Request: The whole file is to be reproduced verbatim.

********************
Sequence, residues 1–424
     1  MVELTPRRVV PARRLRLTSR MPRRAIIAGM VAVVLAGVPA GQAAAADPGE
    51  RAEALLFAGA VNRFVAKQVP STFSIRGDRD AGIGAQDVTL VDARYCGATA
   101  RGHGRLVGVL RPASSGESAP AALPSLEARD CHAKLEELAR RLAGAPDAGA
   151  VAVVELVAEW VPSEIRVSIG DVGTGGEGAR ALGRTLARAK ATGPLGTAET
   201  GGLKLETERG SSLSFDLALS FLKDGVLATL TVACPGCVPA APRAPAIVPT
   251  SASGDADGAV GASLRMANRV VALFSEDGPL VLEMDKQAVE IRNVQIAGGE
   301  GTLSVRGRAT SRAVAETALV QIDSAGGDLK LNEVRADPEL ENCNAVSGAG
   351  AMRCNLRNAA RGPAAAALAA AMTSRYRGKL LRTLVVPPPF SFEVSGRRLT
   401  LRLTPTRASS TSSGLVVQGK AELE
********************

Sequence, residues 1–424
     1  MVELTPRRVV PARRLRLTSR MPRRAIIAGM VAVVLAGVPA GQAAAADPGE
    51  RAEALLFAGA VNRFVAKQVP STFSIRGDRD AGIGAQDVTL VDARYCGATA
   101  RGHGRLVGVL RPASSGESAP AALPSLEARD CHAKLEELAR RLAGAPDAGA
   151  VAVVELVAEW VPSEIRVSIG DVGTGGEGAR ALGRTLARAK ATGPLGTAET
   201  GGLKLETERG SSLSFDLALS FLKDGVLATL TVACPGCVPA APRAPAIVPT
   251  SASGDADGAV GASLRMANRV VALFSEDGPL VLEMDKQAVE IRNVQIAGGE
   301  GTLSVRGRAT SRAVAETALV QIDSAGGDLK LNEVRADPEL ENCNAVSGAG
   351  AMRCNLRNAA RGPAAAALAA AMTSRYRGKL LRTLVVPPPF SFEVSGRRLT
   401  LRLTPTRASS TSSGLVVQGK AELE